On Thursday I had my third operation on my jaw to try and restore feeling into my left side jaw and  bottom lip. I was incredibly anxious about it– something which itself was unnerving. I am generally quite optimistic and positive so was quite thrown by these feelings but pleased to say that anxiety was misplaced.

The surgery went well. Before my face swelled again I believe I felt my lip and certainly the pain I am in suggests that it did its job! I have loads of stitches inside my mouth and one on the outside. I haven’t bruised yet and really look most like I have mumps. It hurts to smile and laugh but that isn’t stopping me trying. I hate being miserable.

I reacted badly to the anesthetic – oxygen and steroid injections were needed. I was kept in until Friday lunchtime but unlike the first operation the ward I was on was pretty quiet so I did manage to sleep. Also the morphine probably helped knock me out (berry flavoured shots of morphine are quite something).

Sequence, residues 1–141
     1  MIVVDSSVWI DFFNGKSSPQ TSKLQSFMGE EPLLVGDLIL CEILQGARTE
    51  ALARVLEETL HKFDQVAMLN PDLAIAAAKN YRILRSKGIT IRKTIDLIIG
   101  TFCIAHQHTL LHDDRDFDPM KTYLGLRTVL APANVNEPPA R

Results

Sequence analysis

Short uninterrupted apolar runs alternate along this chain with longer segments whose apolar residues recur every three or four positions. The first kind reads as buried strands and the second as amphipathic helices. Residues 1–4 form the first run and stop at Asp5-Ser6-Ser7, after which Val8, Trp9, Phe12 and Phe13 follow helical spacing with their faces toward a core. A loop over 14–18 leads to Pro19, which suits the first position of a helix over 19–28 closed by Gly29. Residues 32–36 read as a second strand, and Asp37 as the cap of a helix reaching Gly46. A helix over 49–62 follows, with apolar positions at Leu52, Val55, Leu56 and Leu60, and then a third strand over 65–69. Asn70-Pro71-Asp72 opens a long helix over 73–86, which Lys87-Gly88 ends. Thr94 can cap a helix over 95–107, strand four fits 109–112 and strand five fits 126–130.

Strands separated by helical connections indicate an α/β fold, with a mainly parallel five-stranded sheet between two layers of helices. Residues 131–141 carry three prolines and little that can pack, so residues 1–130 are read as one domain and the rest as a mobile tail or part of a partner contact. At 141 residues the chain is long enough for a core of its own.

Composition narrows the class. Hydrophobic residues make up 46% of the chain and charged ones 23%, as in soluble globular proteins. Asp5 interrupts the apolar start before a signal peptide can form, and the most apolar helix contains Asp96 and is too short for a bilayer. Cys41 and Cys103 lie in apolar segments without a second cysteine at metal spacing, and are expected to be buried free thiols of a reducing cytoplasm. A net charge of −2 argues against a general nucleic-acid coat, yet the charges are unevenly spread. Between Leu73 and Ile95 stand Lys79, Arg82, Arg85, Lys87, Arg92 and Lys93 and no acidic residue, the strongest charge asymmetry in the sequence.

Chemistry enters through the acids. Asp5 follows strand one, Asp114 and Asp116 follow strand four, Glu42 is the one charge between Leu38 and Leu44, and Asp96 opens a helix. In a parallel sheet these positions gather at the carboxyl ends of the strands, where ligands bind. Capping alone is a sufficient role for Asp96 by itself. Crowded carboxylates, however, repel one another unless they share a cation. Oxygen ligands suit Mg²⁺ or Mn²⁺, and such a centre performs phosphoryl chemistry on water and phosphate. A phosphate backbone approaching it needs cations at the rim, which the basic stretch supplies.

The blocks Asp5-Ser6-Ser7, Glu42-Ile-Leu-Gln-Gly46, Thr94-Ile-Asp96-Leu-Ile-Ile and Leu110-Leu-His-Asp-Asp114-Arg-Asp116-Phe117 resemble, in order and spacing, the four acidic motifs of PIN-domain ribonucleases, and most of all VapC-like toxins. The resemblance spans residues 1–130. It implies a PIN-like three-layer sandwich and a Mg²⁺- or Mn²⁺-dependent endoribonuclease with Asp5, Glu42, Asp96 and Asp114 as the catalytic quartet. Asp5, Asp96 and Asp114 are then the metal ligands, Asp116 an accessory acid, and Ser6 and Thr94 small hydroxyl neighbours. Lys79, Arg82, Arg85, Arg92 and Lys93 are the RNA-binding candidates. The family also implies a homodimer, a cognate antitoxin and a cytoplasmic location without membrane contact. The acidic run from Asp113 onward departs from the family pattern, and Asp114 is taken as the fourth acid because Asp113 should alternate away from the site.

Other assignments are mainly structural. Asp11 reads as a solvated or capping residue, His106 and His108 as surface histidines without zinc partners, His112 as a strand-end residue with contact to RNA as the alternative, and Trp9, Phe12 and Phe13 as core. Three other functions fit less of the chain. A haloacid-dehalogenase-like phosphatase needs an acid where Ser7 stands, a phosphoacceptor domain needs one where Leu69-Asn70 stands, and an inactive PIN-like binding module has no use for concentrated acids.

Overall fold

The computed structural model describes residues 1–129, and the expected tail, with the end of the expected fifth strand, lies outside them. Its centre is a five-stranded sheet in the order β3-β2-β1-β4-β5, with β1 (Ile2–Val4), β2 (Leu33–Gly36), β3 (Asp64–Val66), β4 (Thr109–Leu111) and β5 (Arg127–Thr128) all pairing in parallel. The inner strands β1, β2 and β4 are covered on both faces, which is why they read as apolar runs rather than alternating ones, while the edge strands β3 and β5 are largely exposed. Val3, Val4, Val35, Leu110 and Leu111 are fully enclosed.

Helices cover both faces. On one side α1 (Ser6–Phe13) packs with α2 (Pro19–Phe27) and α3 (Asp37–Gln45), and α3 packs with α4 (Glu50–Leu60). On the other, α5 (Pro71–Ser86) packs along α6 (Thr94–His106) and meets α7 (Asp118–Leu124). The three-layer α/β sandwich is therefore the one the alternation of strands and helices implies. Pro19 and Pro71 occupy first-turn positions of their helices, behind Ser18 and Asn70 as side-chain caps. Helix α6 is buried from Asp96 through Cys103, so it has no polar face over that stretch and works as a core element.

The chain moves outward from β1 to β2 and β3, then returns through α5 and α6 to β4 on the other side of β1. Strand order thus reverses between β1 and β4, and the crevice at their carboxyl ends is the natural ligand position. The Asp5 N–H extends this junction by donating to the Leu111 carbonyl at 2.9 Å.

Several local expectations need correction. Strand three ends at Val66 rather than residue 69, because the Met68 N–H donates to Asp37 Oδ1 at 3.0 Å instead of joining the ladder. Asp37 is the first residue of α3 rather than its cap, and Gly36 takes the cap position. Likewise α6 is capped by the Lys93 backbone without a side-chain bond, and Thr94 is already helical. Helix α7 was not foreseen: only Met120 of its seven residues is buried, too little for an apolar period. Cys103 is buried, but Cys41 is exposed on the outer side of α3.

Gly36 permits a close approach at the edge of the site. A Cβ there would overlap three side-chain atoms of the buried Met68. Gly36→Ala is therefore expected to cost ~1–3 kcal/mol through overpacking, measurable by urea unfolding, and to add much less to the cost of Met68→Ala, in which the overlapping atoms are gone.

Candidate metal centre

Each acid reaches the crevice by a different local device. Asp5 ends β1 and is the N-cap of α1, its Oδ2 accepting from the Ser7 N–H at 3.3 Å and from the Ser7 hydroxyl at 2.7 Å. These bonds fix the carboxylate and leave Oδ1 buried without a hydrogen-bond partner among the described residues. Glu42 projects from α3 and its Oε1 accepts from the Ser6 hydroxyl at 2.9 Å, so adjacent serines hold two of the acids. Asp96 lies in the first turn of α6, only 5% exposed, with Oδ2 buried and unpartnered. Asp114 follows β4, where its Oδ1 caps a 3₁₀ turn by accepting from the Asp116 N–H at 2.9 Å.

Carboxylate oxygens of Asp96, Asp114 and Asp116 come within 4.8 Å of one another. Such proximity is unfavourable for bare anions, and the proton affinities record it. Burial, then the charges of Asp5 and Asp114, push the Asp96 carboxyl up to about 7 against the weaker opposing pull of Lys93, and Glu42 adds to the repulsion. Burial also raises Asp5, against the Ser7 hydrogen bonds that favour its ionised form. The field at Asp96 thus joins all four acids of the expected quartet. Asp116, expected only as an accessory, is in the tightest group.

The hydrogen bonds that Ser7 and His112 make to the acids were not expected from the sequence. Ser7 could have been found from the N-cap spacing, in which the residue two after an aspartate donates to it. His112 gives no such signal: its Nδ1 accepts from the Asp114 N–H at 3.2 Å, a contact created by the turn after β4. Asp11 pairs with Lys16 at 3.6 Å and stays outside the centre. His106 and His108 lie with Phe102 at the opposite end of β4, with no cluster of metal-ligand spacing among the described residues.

I have to say that being ill in the summer isn’t the same as being ill in winter. Back then I didn’t feel I was missing out, everybody was a bit miserable and stuck inside but at the moment I feel that life is very much happening outside and I can barely move from the sofa. I want to be, enjoying all that is enjoyable about being in summertime Britain. But the texts, messages and tweets are cheering me up – thank-you. My hospital visitors were most appreciated and I am looking forward to more visitors this week – don’t let the fact it hurts me to laugh stop you trying to make me laugh if you are coming. Talking is also a challenge – it hurts to talk too much!